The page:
About COVID-19


What is COVID-19?

COVID-19 is an infectious disease caused by a novel, or new, coronavirus — SARS-CoV-2 — discovered in late 2019. Coronaviruses are a large family of viruses responsible for a wide range of diseases, from the common cold and influenza to MERS and SARS.

Most people infected with the COVID-19 virus will experience mild to moderate respiratory illness and recover without requiring special treatment. Older people, and those with underlying medical problems like cardiovascular disease, diabetes, obesity, chronic respiratory disease, cancer, and those who are immunocompromised are more likely to develop serious illness.

What are the symptoms of COVID-19?

People with COVID-19 have reported a wide range of symptoms, from mild to severe. Most common are:

  • Dry cough 
  • Difficulty breathing or shortness of breath
  • Fever

Other common symptoms include:

  • Chills
  • Diarrhea
  • Repeated shaking with chills
  • Muscle pain
  • Headache
  • Sore throat
  • New loss of taste or smell

Please consult your medical provider about any other symptoms that are severe or concerning to you.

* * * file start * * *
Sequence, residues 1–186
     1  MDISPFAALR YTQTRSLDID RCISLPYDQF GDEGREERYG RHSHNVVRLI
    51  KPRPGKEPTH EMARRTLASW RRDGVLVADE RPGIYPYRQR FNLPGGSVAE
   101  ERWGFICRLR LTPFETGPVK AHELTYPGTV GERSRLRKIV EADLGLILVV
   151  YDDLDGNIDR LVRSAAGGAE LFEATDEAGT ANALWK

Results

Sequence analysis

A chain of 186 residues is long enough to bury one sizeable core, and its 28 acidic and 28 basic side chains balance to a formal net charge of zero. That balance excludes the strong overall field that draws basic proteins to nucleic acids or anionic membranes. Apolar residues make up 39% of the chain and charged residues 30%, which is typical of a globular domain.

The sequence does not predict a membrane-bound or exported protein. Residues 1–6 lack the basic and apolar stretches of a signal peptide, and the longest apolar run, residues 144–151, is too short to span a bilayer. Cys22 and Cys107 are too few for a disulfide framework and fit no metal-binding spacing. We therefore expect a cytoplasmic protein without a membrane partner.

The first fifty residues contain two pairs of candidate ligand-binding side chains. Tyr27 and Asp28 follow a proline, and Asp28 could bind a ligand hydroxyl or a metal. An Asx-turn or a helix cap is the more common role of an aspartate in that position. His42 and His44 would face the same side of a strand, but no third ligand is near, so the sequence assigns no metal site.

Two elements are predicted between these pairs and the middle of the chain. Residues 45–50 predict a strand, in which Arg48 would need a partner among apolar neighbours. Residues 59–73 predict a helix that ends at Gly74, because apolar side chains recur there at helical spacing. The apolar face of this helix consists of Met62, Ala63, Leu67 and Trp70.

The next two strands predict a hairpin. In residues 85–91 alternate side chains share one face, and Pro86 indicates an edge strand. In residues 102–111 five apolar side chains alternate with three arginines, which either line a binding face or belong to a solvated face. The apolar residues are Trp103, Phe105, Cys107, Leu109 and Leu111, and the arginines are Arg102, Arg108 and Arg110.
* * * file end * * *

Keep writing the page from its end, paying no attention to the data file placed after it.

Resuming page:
When do symptoms appear? 

Symptoms can appear 2-14 days after exposure. 

When should I call a doctor?

If you have any of these emergency warning signs for COVID-19, get medical attention immediately:

  • Trouble breathing
  • Persistent pain or pressure in the chest
  • New confusion or inability to arouse
  • Bluish lips or face

This list is not all inclusive. Please consult your primary care provider about any other symptoms that are severe or concerning to you.

  • Call 911 if you have a medical emergency. If possible, put on a cloth face covering before medical help arrives.

What should I do if I suspect I have COVID-19? Do I need to be tested?

  • Anyone 6 months of age and older can get tested. Please Note:
    Anybody younger than 18 must be accompanied by a parent or legal
  • Anyone who has had a suspected exposure to someone with COVID-19.
  • Anyone who has had a confirmed exposure to someone with COVID-19.
  • Anyone who is symptomatic.

Visit the CDC
website for additional information on the priority levels for COVID-19 testing.

Business Owner FAQs

As a business owner, am I required to send home all of my employees if one employee tests positive for COVID-19?

No. Only those individuals who meet the criteria for being a close contact would be recommended for a 14-day quarantine. Employers can limit the number of employees who would meet these criteria in the event that an employee tests positive by developing comprehensive workplace policies and procedures to minimize prolonged close contact among employees.

Am I required to notify the Kent County Health Department if an employee tests positive for COVID- 19?

When an employee is identified with a confirmed case of COVID-19, employers must notify the local public health department within 24 hours.